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Norfolk remembers the Women of WWII

Updated: Apr 25

These Beautiful Quilts Tell an Important Story

Beautiful Quilts honouring women of WWII
Guild members, from left to right, Brenda Bradshaw, Sarah Yetman (rear), Diane Luke (front), and Nancy Racz.

When a dedicated group of women get together, they can accomplish anything when they put their minds and talents to work. The Twilight Quilter’s Guild of Norfolk County has a membership of over 100 and they have been responsible for many beautiful works of ‘art’. I recently met with four members of the local Guild at the Waterford Heritage Agricultural Museum (WHAM) to view their latest display and admire their beautiful work.

In 2017 the Guild was approached by Heather King, Chair of the Norfolk Remembers Committee (NRC) - and Guild member as well - to do a 100 year quilt commemorating Norfolk County’s contribution to WWI. The finished quilt is truly a work of art and hangs at WHAM for visitors to the Museum to view. In 2019, King once again approached the local guild to put their skills to work, with the Committee funding the project. The Norfolk Remembers Committee requested two quilts to commemorate the Second World War, 1939-1945 and in particular, the contributions of Norfolk women here on the home front and the names and signatures of Norfolk soldiers who didn’t return home to their families. While the project was delayed for a time after COVID hit in 2020 and the world shut down, it would get back on track when things would once again open up and get back to normal.

The Art Quilt

Diane Luke is a member of the Twilight Guild that would create these works of art as part of the NRC memorial series. “The first quilt is a true testimonial to all that the women did during WWII. We had done one for WWI so we decided we would like to do one for the Second World War… It was such an emotional undertaking,” adds Luke. “Ten members worked on the Art Quilt while 14 members worked on the V” for Victory Quilt.

Fellow guild member Brenda Bradshaw explained, “The Art Quilt was a collaborative effort. First, we had to educate ourselves about the War. We were given a copy of ‘Norfolk Remembers the Second World War 1939-1945’…it’s an amazing book. It is also for sale at the Norfolk County museums and libraries for anyone interested. We also did a lot of Google searches…we wanted it to be as authentic as possible and to show what the women of Norfolk County did while the men were gone. We were able to use some original materials as well.”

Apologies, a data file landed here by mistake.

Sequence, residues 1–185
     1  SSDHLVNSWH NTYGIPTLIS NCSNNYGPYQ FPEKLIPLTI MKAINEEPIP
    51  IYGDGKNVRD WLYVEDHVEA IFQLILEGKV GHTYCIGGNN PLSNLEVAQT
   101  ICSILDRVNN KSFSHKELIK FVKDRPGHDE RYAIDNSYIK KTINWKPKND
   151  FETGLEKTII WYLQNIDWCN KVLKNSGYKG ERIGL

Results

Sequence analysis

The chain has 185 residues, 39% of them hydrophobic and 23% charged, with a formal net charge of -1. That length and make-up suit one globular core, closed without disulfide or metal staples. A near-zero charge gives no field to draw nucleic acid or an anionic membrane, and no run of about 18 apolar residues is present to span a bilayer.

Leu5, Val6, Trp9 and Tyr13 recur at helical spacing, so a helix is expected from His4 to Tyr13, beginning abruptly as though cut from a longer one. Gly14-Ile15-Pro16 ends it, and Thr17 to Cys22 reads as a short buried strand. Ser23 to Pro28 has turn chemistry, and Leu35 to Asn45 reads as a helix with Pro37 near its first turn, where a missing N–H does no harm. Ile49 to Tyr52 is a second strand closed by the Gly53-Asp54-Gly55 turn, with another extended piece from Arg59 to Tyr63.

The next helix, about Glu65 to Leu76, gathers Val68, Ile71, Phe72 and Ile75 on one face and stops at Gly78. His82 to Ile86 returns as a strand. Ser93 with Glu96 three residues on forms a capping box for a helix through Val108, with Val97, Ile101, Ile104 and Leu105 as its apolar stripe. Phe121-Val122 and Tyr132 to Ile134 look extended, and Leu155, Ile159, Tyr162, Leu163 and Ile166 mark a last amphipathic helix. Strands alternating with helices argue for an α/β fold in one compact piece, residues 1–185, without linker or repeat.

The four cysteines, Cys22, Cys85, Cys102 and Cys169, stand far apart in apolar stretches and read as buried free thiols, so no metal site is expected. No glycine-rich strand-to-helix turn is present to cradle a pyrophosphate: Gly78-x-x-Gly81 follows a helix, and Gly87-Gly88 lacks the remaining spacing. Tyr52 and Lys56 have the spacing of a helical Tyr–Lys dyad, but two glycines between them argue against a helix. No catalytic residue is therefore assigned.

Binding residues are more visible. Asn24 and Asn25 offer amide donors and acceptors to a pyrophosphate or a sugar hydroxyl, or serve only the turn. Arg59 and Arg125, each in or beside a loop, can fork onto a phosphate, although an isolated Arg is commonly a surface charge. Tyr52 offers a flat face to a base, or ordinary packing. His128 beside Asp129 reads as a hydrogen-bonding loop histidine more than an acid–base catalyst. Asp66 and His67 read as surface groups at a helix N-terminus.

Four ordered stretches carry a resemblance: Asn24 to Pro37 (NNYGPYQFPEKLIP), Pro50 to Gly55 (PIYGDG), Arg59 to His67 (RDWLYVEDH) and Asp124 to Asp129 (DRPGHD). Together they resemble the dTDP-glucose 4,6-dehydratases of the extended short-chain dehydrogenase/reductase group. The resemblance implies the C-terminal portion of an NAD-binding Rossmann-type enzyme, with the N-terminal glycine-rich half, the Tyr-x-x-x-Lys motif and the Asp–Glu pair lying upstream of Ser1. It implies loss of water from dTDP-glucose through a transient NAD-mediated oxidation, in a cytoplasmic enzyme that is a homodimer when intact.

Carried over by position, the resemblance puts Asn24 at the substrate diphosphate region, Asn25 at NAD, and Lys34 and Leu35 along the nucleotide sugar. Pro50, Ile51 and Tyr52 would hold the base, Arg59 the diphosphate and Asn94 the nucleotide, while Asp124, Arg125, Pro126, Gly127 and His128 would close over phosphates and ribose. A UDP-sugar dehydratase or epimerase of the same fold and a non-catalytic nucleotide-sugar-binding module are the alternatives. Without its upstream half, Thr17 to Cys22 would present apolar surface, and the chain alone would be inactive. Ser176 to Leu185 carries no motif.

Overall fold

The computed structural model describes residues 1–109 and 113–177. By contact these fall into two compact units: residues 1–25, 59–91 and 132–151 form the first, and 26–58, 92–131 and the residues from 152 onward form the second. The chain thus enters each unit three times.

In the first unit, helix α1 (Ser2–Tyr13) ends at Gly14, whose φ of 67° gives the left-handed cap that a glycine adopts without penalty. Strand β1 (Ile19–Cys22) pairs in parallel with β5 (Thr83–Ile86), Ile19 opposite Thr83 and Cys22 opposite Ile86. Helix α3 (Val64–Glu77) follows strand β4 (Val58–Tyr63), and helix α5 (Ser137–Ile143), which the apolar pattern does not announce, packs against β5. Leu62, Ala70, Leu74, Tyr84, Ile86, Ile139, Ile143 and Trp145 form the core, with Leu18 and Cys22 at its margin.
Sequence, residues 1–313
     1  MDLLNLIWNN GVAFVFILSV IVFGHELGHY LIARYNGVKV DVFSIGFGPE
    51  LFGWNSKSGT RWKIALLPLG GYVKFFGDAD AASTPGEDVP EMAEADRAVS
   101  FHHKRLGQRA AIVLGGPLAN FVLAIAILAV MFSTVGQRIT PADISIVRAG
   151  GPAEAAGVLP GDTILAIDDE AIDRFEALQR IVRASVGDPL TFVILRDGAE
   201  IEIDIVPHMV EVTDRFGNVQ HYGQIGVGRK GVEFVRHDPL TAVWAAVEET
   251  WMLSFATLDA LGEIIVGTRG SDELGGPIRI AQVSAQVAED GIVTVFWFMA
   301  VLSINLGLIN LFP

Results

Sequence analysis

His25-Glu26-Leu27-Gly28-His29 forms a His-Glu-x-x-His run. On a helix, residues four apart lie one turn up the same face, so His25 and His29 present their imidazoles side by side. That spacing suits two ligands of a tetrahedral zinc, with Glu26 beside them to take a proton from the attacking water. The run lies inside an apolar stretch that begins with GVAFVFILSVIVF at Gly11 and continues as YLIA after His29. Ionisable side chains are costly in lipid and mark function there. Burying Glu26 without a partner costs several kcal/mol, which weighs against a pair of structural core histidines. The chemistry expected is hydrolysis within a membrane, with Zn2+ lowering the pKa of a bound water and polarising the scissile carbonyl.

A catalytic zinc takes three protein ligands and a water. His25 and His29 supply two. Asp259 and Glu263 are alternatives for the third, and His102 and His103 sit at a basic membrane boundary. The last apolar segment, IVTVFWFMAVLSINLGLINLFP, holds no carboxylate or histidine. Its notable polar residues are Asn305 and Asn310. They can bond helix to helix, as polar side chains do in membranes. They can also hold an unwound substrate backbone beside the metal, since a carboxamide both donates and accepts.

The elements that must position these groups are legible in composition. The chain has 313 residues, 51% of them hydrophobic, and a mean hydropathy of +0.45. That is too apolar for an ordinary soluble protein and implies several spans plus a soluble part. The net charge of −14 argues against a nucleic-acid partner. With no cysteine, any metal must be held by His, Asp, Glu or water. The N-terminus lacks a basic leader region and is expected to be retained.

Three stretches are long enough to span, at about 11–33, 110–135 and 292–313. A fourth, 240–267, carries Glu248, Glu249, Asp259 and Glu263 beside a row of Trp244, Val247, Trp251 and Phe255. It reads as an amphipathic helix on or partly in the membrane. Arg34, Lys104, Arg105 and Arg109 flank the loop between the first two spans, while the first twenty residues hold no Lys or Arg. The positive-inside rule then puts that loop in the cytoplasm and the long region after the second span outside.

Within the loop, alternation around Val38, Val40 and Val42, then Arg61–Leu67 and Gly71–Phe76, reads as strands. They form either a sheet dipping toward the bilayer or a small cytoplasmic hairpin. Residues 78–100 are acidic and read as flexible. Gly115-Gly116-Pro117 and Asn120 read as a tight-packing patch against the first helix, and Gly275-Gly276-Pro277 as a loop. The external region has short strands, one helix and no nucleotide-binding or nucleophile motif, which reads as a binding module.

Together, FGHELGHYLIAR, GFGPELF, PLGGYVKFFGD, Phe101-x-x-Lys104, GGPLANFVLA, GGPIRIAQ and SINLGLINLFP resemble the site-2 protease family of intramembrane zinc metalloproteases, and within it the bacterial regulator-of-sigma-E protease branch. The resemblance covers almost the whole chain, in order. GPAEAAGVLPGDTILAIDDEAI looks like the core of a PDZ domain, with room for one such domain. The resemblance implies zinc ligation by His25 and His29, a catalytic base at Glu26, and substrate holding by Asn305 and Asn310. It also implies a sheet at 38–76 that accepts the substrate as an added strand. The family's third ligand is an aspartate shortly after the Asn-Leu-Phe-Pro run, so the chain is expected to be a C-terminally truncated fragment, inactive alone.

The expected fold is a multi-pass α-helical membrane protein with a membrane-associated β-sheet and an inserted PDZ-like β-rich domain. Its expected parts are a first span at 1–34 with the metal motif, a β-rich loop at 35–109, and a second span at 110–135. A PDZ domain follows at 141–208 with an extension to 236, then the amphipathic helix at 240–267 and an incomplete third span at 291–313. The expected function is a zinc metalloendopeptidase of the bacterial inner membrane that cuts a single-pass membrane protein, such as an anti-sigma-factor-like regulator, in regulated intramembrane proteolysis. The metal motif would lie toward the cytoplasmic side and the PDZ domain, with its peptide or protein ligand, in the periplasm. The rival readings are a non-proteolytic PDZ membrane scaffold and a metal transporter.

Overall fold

The Victory Quilt

Some of the jobs held by the women here at home included farmerettes, working in the hospitals, learning to fly planes, working at the American Can, making munitions…doing whatever they could. The IODE and Women’s Institute were very instrumental during the war as well making and sending care packages from home. The “V” for Victory quilt features the individual signatures of the 159 Norfolk heroes killed in WWII.

Luke explained that “The two quilts were very different skill sets. We did a lot of brainstorming and it seems like every session something changed. Local artist Robert Judd, a Committee Member as well, was very instrumental in the process also.”

 “The whole process was very emotional for all of us. We would gather at the home of member Gertrude Nicks to work on the quilts and for an ‘old fashioned quilting bee’. We had such a great time there.” For the finishing touches their quilts were then given over to Sarah Yetman, Guild member and owner of Spooled Rotten Quilts in Brantford.

Yetman explains, “I knew the WWI quilt, so I was excited to work on this new project. Everybody was in on the planning stages… we wanted to accentuate but not take over the quilt. There were lots of layers and it was a bit daunting but the end product is amazing. The machine quilts and I’m just driving it with the handles…so to speak. All in all, it took about 20 hours to quilt.”

Many of the materials used in the making of the Art Quilt came from actual artifacts, making the story it tells even more colorful and meaningful. To get the full effect of the quilt and the story it tells, one must carefully peruse the work of art.

These quilts not only touch on the effects of the War on our community and its population…They tell an important story of those waiting at home that will live on for future generations. If you want to learn more on the Second World War and the part it played in our own local history then you should most definitely check out a copy of Norfolk Remembers The Second World War 1939-1945.

Be sure to make the Waterford Heritage Agricultural Museum a stop on your list of things to do. The Norfolk Quilter’s Guild are proud of the work they did – and rightly so – and their display is sure to show you a part of history that so many of us never knew. The heart, soul and love of every Guild member that worked on those quilts went into each one of them and for that, we thank them.

WHAM is open Tuesday through Saturday, 10 a.m. to 4 p.m. Curator James Christison will be happy to guide you through the many ‘pages of history’ proudly on display at WHAM.


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